Monday, November 10, 2014

The Eyes Have It

-By Tim Bruckner

If you’re a figurative sculptor, expression is everything. And everything is in the eyes. Its where we look first. Even when they’re ambushed by the face, the eyes don’t lie. The trick is to create something in the eyes that either confirms the expression of betrays the expression. Or reveals the expression in flux. As Houdon once said (and I’m liberally paraphrasing) an expression evolves. The eyes seem to get it first and the rest of the face stumbles into place. Chances are the viewer will interpret what you’ve created differently from what you intended. But that’s okay. If they invest a little of their emotional or physiological history into your piece, it almost can’t get better than that. Up front, I want to say, I’m still figuring it out. It’s a crap shoot anytime you pick up clay. But each pieces leads to opening the window of understanding just a little more. And ain’t that the point of creating art, the miracle of revelation.

Anne Phibian: A half life-size bust of an alien beauty. There’s a wariness in her expression. She’s deciding. I used washes of iridescent paint to create the iris with several coats of high gloss. I painted the highlight first in a light gray and the white dot of reflected light to soften it.



A Little Mischief: I think there a lot of ways to read his expression, but none of them of a pure intent. Ordinarily, I’d have would have put the squint in his recessive eye (right) eye, making the lead eye (left) the evaluator. By compressing the expression in his left eye it sharpens his expression. It reveals a conspiracy only he is privy to.


Lucifer’s Lawyer/Devil’s Advocate: As I sculpted this piece I repeated the same phrase over and over, watching myself in a mirror. My expression changed with how I interpreted the phrase. At some point, as I understood more fully what I wanted to say, things started to lock in. With luck, the viewer will fill in the blank in their own head. My guess is, we’ll all be using a very similar vowel.


Afternoon Delight: This character first appeared on a Call for Entries poster for Spectrum Nine. I “appropriated” the concept from a drawing by Heinrich Kley. All her concentration is in getting the last sweet drops of nectar.


Belle et la Bete: It’s a love story. He carries his sadness in his right eye while keeping watch on her with his left. Sometimes, letting the eyes track a little off center helps reveal a complicated expression.


Ode to Joy/Cyrano-My White Plume: He had to have smiled. One listening to his Rage Over a Lost Penny and you know old Ludwig had a sense of humor. This is Cyrano from the end of the play. He’s dying and has come to see his beloved Roxanne one last time. I just like the juxtaposition of their expressions, both captured in their eyes.


ONE: This was an odd piece for me. I wanted to try and create a character that revealed an inner peace and quiet strength. I tied a bunch of open eye treatments and nothing worked. In filling in the carved out iris, I swiped some clay across his eyeball and got a kind of closed lid. And that’s what worked for me. Thank you clay, my old reliable collaborator.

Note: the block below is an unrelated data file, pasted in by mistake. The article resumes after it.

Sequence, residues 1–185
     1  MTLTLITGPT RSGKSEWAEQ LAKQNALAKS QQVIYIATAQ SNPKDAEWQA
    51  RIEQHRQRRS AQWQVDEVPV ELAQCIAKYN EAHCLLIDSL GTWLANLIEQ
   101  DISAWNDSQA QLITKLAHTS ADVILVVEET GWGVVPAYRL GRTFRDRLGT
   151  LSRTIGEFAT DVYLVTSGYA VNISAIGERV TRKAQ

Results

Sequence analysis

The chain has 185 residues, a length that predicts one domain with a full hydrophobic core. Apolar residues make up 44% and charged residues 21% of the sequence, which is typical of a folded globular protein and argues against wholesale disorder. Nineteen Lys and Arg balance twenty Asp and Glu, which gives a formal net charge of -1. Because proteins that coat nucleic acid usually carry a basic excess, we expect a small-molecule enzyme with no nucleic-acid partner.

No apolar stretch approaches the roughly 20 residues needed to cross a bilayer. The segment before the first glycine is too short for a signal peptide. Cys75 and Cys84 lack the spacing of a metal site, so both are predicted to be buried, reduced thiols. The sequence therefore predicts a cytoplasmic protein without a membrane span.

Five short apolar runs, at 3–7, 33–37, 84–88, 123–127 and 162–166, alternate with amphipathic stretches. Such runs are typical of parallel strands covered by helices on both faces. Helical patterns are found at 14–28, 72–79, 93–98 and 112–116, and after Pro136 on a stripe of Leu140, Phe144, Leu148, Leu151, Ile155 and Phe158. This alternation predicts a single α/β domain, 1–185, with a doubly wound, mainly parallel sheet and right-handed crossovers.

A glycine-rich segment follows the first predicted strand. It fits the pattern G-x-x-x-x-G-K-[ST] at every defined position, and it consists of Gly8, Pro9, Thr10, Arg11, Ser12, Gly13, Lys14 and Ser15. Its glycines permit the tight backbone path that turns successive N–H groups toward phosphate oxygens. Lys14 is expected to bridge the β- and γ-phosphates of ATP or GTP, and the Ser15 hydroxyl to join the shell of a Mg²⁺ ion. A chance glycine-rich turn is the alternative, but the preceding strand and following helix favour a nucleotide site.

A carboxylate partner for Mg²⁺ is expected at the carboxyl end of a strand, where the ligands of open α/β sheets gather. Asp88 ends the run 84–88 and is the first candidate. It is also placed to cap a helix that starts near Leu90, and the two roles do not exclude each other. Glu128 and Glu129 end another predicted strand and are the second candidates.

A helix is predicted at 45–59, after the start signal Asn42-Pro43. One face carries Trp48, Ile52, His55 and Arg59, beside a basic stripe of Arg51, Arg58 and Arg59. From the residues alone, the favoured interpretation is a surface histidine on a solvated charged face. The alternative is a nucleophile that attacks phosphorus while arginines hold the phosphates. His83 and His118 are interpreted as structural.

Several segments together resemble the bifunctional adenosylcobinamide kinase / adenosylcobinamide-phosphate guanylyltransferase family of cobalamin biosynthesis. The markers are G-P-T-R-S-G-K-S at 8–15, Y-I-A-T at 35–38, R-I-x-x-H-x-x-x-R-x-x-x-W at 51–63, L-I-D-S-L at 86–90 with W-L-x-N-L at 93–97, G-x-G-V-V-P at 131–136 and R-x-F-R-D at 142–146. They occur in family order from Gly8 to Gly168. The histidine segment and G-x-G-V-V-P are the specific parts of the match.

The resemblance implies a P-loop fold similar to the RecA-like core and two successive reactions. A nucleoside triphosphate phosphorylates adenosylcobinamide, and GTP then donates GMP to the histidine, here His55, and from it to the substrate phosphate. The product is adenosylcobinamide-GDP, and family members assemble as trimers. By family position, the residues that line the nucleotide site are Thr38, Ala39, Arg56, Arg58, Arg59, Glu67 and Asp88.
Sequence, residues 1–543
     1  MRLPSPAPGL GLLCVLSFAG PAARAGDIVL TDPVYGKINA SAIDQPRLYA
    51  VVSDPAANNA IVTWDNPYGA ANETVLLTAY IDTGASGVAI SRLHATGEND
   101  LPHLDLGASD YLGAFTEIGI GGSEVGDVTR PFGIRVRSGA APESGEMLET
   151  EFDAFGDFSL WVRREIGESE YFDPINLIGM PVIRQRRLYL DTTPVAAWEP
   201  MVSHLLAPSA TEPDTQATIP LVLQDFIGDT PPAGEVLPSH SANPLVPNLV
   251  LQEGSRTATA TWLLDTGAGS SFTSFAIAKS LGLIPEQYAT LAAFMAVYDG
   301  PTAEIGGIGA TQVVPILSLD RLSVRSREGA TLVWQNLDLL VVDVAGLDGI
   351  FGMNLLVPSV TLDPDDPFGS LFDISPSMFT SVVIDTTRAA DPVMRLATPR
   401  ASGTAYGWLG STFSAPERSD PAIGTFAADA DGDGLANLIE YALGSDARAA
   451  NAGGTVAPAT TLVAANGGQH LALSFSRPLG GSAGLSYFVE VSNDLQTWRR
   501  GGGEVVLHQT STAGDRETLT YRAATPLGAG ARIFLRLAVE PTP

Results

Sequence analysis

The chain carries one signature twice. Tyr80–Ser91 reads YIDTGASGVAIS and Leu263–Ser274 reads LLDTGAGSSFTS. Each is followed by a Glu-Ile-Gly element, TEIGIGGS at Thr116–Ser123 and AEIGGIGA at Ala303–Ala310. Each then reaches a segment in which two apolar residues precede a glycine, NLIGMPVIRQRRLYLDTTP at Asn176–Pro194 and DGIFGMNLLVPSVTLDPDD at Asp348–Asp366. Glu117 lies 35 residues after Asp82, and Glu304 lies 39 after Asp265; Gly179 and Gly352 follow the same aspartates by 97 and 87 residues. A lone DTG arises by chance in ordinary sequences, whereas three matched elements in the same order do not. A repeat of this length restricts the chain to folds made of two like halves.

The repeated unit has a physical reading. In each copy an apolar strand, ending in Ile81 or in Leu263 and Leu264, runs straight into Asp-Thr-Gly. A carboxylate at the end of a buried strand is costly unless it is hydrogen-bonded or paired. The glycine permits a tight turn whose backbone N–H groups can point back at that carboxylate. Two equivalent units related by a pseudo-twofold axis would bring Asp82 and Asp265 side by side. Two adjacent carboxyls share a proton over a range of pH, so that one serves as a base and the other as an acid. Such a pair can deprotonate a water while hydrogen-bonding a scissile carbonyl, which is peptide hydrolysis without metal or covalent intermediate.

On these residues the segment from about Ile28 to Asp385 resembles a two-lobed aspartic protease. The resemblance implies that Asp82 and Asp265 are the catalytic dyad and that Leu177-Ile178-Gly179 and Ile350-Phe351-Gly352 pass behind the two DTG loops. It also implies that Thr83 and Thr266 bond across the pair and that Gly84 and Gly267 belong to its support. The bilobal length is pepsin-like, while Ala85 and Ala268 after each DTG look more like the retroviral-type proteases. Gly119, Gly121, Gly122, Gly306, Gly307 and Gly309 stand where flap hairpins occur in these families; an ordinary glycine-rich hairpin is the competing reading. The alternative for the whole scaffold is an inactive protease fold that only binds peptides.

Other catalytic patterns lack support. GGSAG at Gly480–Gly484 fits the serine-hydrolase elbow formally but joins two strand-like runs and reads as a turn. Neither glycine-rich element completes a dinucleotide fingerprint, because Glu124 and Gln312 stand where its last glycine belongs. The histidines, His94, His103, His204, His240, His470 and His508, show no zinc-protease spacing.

Something to Consider/Two Humans Walk Into a Bar: These pierces were done back to back. I started with Something to Consider. I smiled all the way through it. Working on him just made me feel good. With his eyebrows raised but his eyes half open, it felt like he was considering something he’d heard in conversation. Two Humans was me in the bar with my alien buddy waiting for the bunch line.



My Monster isn’t taking any chances. His interaction with humans hasn’t been all that good. So best keep your distance.


Vampira 13: Its all in her eyes. All of it.


Catherine with a C: This is a portrait bust I did of my mom some years ago. She was having a difficult time of it. Relationships she thought she could count on were fracturing. She came to the studio for a photo session. We spent of few moments joking around and then we got to talking about what was going on in her life and a profound sadness overcame her. This image is an assemblage of several photographs.


He Who Laughs Last: This is the third and final version of this piece. It took some twenty years for me to figure out what I was trying to tell myself and with his version, I got it. Unlike A Little Mischief, his lead eye is fully open and evaluating. Don’t let the makeup fool you.


For those of you who are interested in learning how to sculpt maquettes,  I’ll be doing a workshop at TLC Workshops in May of 2015.

For more information, visit:
http://www.tlcworkshops.com/p/expressive-sculpture-and-maquettes-with.html

Hope to see you there!

3 comments:

  1. Ahmazing! What human beings can do.

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  2. They are all so wonderfully expressive Tim. Can't wait!

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  3. Beautiful work! I want to break out the sketchpad and draw your faces for practice. You've got the full range of emotions going there, and the painting is superb, especially the skintones on He Who Laughs Last.

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